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Best Bitcoin Card for Nepal

With an area of 147 181 km², Nepal is about twice as large as the German state of Bavaria. The country in South Asia lies as a narrow strip in the southern Himalayas between China in the north and India in the south. Approximately two thirds of the national surface lie above 1 000 m (about 28% over 3 000 m).

From south to north, Nepal has a share in four major geographical regions: The Terai is part of the fertile Gangestie lowlands, most of which belong to India. To the north, the country rises to the Siwalik chain (also known as Churia chain), a promontory up to 100 km wide, which forms the southernmost part of the Himalayas and reaches altitudes of up to 1,800 m. The country’s highest point is the Himalayas. Between the mountain ranges there are basin landscapes such as the Kathmandu Valley, which is about 100 km long and at an altitude of about 1,350 m. The Kathmandu Valley, for example, is a small mountain range with a large basin. To the north the Vorderhimalaja joins, here the mountain country rises up to 4 000 m. This is followed by Nepal’s share of the High Himalayas, where eight of the world’s ten eight-thousand-metre peaks lie, including Mount Everest (Tibetan: Chomolungma), the highest mountain in the world at 8,848 m, on the border between Nepal and Tibet.

The other over 8 000 meter high mountains are: Lhotse (8 516 m), Makalu (8 481 m), Dhaulagiri (8 167 m), Manaslu (8 156 m), Cho Oyu (8 153 m) and Annapurna (8 091 m).

All rivers in the Himalayas flow into the Ganges, the longest being the Kosi (720 km in total and 350 km in Nepal). The capital of the country, Kathmandu (812 000 inhabitants in the region), lies in the high valley of the same name.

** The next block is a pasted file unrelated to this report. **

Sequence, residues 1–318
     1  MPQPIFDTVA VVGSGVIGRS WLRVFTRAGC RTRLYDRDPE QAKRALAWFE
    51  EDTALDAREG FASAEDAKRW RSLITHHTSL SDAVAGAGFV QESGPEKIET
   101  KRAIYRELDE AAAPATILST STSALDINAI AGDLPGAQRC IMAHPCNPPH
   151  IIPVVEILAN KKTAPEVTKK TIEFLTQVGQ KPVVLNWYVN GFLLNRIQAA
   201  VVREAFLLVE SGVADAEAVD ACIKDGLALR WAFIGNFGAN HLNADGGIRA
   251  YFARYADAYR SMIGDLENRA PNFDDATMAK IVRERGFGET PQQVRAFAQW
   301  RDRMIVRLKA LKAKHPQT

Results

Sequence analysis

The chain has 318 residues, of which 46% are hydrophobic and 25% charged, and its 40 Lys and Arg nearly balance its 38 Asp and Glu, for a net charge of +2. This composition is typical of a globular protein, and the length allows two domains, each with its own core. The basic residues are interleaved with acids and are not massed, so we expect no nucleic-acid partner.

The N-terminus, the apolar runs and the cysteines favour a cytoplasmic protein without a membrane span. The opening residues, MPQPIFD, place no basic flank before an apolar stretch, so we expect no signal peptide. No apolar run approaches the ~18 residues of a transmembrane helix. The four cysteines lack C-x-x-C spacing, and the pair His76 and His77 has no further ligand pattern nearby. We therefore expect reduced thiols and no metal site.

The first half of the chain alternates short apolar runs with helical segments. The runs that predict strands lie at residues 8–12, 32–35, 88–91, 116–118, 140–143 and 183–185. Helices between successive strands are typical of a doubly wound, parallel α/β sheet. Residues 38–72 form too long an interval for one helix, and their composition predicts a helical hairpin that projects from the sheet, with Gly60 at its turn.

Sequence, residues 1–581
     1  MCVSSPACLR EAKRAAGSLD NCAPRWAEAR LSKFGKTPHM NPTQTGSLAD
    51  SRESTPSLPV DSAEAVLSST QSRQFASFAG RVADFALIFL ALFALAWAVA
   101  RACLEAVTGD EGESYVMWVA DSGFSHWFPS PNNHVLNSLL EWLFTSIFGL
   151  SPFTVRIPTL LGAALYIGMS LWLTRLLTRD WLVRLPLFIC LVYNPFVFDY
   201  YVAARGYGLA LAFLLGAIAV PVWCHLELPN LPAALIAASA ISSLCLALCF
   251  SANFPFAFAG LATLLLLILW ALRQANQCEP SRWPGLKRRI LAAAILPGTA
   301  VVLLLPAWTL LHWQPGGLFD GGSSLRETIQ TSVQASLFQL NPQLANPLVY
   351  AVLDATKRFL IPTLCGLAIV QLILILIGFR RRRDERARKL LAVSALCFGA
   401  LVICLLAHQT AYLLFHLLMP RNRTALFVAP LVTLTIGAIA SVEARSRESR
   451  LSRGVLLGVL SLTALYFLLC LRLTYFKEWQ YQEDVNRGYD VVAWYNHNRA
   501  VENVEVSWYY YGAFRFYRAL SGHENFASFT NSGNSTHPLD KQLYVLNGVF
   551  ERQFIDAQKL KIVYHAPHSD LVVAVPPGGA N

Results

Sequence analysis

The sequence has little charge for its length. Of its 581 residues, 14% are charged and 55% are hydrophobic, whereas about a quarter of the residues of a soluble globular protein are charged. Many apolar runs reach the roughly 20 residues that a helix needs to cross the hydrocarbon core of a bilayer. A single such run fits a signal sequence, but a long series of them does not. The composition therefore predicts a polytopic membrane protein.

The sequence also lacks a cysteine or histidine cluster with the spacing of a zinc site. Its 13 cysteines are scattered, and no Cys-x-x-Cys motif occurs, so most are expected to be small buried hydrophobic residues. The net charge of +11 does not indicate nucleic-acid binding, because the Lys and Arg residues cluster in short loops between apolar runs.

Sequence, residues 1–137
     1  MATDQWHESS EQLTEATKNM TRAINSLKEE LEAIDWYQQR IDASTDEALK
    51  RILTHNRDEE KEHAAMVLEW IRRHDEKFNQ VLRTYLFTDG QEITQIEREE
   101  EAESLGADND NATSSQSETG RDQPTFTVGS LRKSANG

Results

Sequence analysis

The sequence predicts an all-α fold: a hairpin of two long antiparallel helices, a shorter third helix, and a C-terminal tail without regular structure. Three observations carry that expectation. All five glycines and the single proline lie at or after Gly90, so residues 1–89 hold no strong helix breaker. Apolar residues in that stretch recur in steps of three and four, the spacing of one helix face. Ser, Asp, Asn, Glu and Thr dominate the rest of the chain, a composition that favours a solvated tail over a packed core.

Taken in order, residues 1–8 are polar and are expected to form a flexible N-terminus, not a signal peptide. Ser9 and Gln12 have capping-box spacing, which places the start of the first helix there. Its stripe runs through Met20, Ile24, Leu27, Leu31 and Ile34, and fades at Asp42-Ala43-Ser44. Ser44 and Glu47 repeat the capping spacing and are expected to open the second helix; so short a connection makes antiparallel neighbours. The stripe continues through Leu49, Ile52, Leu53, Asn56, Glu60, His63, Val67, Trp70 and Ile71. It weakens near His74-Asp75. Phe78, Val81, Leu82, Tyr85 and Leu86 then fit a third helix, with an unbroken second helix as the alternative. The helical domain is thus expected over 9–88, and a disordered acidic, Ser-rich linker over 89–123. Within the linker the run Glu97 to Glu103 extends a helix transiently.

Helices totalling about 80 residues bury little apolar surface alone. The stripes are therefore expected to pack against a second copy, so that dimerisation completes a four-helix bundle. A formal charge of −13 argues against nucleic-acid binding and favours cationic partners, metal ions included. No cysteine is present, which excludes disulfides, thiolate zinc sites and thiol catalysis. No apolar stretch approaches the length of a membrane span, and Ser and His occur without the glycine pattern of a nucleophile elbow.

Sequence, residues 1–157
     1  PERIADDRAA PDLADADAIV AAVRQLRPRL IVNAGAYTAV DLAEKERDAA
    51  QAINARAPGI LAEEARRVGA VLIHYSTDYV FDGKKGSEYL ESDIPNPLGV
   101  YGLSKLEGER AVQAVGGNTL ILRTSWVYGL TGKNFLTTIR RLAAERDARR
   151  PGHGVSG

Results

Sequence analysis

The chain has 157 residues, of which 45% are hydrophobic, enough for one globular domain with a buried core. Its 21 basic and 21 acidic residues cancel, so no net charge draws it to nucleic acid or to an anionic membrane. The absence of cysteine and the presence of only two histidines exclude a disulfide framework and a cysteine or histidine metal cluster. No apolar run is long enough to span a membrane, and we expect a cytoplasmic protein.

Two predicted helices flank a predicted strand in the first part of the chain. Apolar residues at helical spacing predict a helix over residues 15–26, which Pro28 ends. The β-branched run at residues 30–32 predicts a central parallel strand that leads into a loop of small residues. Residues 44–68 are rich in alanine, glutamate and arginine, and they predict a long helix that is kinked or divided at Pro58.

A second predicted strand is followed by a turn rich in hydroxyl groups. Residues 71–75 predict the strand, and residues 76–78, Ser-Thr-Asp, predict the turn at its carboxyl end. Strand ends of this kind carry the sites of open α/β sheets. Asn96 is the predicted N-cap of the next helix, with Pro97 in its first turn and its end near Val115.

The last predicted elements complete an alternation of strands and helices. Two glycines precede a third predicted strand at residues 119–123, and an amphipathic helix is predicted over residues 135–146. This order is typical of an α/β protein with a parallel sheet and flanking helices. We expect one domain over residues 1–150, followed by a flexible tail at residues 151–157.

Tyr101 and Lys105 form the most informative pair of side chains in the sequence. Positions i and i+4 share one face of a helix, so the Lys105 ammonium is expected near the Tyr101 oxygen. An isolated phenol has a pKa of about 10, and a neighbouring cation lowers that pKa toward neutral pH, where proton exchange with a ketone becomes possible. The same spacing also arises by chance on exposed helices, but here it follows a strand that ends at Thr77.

Political system

Since 2008 Nepal has been a Democratic Federal Republic. Its transitional constitution of 2007 establishes a multi-party parliamentary democracy.

Since July 2008 Ram Baran Yadav has been President of the Republic (with mainly representative functions). The prime minister (since February 2014 Sushil Koirala) is also commander-in-chief of the army. The executive power lies with the Council of Ministers.

The Constituent Assembly also functions as a parliament. Its mandate is five years. 575 seats were allocated on the basis of majority and proportional representation. There are also 26 members appointed by the President.

Nepal is divided into five development regions, 14 administrative zones and 75 districts.

Economy

With a per capita income of almost 700 US dollars, Nepal is one of the poorest countries in the world. The ten-year civil war, the high unemployment rate, the lack of trained workers and the unfavourable geographical situation are among the reasons for this.

More than half of the population is employed in agriculture, which accounts for 36% of the gross domestic product. The most productive cultivation areas are located in the Terai, in the mountain landscapes up to altitudes of about 4 000 m agriculture is practiced. Rice (also for export), buckwheat, millet, potatoes, barley, maize, wheat and jute are cultivated. In the mountain regions sheep, goats and house yaks are kept, in the Terai mainly water buffalos and poultry.

The industry is only moderately developed and is largely limited to the processing of agricultural products. Textiles, jute products and carpets are produced for export. In the inaccessible regions of the Himalayas, mineral resources are suspected, but have not yet been used. Mica, limestone, lignite and hard coal are already being mined. The many small hydroelectric power stations, which cover the majority of the energy demand, serve the energy supply. Larger dam projects (such as the Pancheswar dam) are controversial due to the earthquake risk in the region. Nepal’s most important trading partners are above all India Import (mainly machines, vehicles, chemical products, food are imported) and India as well as China for export.

Tourism in the Kathmandu Valley, the tropical rainforest of the Terai and the Himalayas is an important source of foreign exchange income.

Almost two thirds of the 17,000 km of roads are paved and open all year round. The capital Kathmandu has an international airport. In the mountain regions, mules and carriers play an important role. The currency is the Nepalese rupee.

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